There's even a bit of a mystery involved with Radner's staff, and why exactly rumors of Radner's implausible mad acts are floating over the countryside. Radner himself is recluse and a scientist, obsessed with trying to get his telegraph machine to work and has little care for anything or anyone else. 

 

I really enjoyed seeing how these two brought out the best in each other and accepted each other for what they were. There were no big misunderstandings or drama llamas here. The story unfolded authentically and while the MCs may learn to let go some of their own self-imposed preconceptions about themselves, they're still the same at their core, and this is what drives the story more than anything else. 

 

Gary Furlong agains does a marvelous job with the story. He brings the characters and scenes to life with his voice, and it's just such a pleasant voice to listen to. I even slowed down the playback speed a little so I could listen to him longer. :D

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review 2018-07-12 04:06
The Soldier's Scoundrel (The Turner Series #1) (Audiobook)
The Soldier's Scoundrel - Cat Sebastian

Story: 3.5 stars

Narration: 5 stars

Overall rating: 4.25 stars, rounded down

 

That cover looks like it belongs in a gay Halloween magazine, and it's the main reason I avoided this book for so long, despite everyone telling me that the story hiding beneath that hideously cheesy cover is actually good. And now I can join their number and say that the story is actually really quite good. Brilliant even, and if it were for a couple of my pet peeves that appear here, it would have gotten a higher rating.

 

So let's get the pet peeves out of the way first:

 

~Smexy times after an injury. *sigh* I just went through this with the last book. At least it was more realistic here, being "just" a flesh wound. 

~Gay-okay history. Like many an M/M historical romance, they want all the modern conventions like HEAs but don't want to put up with things like taboos. There is some consideration given to the fact that sodomy was a crime in these days, but that sure didn't stop Jack and Oliver from being reckless at times. But more than that, I would expect more of the side characters to have a more negative reaction to their relationship than they do. Look, people have a hard enough time finding that kind of positive reception in today's world, much less the 1800s. Is it too much to ask for more realistic reactions, even if they would be depressing as hell?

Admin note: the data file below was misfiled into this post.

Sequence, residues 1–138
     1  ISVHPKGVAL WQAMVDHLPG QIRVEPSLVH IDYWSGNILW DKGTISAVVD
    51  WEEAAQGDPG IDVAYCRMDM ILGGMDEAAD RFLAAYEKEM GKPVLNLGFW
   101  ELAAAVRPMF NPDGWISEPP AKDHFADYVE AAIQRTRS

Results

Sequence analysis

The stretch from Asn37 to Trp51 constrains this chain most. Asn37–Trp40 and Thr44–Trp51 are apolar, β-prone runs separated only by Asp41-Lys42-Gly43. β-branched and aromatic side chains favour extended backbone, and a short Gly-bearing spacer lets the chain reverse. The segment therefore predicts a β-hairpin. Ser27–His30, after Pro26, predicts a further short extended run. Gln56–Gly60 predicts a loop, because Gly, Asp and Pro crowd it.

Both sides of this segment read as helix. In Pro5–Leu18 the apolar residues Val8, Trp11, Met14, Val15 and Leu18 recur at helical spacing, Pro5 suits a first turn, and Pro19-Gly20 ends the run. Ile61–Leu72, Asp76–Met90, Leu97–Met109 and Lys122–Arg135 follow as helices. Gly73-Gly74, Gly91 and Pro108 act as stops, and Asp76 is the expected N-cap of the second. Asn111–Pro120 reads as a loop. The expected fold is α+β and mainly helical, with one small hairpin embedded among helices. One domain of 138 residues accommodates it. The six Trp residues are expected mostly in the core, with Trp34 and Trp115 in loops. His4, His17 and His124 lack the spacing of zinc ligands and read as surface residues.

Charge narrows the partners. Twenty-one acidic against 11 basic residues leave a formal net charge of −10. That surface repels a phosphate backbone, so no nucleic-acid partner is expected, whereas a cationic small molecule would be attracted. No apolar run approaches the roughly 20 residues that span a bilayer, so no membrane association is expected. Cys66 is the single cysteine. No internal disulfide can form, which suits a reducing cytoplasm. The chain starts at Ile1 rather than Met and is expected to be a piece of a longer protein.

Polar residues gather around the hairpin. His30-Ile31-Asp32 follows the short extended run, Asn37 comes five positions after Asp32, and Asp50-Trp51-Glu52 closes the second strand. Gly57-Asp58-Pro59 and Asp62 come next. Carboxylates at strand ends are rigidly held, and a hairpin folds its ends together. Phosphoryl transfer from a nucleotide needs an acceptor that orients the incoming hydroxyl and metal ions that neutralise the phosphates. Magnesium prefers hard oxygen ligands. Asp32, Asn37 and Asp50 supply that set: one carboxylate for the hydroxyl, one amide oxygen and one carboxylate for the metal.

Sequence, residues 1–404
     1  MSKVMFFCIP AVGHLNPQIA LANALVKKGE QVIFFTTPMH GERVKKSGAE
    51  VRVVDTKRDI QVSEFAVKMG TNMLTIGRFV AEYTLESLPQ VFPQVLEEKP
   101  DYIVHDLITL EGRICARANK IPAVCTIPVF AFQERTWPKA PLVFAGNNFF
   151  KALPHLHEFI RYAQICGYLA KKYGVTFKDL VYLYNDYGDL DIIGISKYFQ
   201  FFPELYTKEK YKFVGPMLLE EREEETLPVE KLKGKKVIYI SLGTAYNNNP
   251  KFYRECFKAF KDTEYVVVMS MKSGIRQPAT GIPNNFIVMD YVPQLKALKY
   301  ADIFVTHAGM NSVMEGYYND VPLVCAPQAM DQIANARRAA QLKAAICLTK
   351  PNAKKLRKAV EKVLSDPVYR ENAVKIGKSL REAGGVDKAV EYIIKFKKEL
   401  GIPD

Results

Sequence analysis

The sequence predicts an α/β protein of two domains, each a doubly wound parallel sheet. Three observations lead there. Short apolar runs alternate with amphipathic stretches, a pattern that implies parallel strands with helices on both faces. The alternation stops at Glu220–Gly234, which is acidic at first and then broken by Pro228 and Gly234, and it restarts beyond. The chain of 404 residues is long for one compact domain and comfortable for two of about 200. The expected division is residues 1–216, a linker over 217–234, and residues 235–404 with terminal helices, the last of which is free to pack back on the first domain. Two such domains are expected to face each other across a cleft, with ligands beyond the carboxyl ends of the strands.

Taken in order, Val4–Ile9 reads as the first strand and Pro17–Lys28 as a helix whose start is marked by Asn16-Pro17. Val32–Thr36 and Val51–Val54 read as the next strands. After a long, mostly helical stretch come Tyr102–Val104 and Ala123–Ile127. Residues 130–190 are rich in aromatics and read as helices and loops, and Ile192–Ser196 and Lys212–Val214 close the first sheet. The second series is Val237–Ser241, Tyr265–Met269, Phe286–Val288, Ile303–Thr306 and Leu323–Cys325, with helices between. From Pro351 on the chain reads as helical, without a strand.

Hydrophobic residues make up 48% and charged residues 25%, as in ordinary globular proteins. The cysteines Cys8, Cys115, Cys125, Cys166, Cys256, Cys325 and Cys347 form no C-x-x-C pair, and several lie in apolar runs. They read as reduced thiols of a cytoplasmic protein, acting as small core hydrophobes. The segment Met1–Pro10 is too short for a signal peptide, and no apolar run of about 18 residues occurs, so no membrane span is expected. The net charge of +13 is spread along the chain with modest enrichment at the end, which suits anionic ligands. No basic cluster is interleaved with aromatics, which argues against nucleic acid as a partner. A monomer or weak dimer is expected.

~The term "dating" wasn't coined until 1898 in America. Pretty sure a noblewoman of the early 1800s in London wouldn't be using the term. She would say courting. That one little word really threw me out of the book.

 

Those matters aside, I really enjoyed how Sherlockian this was. Nearly 99% of the mysteries out there involve murder from the get-go - even all those Sherlock knockoffs. But there are just way more mysteries to solve out there than that, and this story has a classic case of stolen letters kept by a married lady from her one-time suitor. 

Why would she have her own letters though? If she mentioned why or how she got them back from her former suitor at some point in the story, I missed it.

(spoiler show)

 

Jack Turner is a rogue, street tough and no-nonsense. He helps women who have no one else to help them (so long as they can afford to pay), and he'll do so by any means necessary, though he does have his limits. He has no time for stuffy aristocrats. Oliver Riverton is the youngest son of an earl just returned from war and desperate for the ordered life of society after the chaos and destruction he witnessed during the war. When he finds out his sister had paid Jack for a job, he's determined to make sure his sister hadn't been taken in by a charlatan. Instead, he gets entangled in Jack's world, in more ways than one.

 

Jack and Oliver are perfectly matched and I enjoyed watching them circle each other as they got to know one another. Lust was pretty immediate, but they don't fall into each other's arms right away. Trust needs to be built, and they need to start seeing each other as people instead of just assumptions based on class, or lack thereof. Jack's determination to keep the upper hand and constantly failing to do so was amusing, and Oliver is just naive enough to be charming but savvy enough to not be annoying, which is not an easy combination to achieve. They've grown up in different worlds that have different laws that govern them, and they actually learn from each other how to see the world in different ways.

 

Gary Furlong, who does the narration, did a fabulous job. He managed to convey the POV switches with ease and kept the MCs voices distinct from each other. I could visualize the story just as easily listening to him as I could have if I'd read it myself. He even managed to make some of the sex scenes fun - though I still thought there were a few too many of those. 

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review 2018-06-30 21:40
Brief Cases (The Dresden Files #15.1) (Audiobook)
Brief Cases (Dresden Files) - Jim Butcher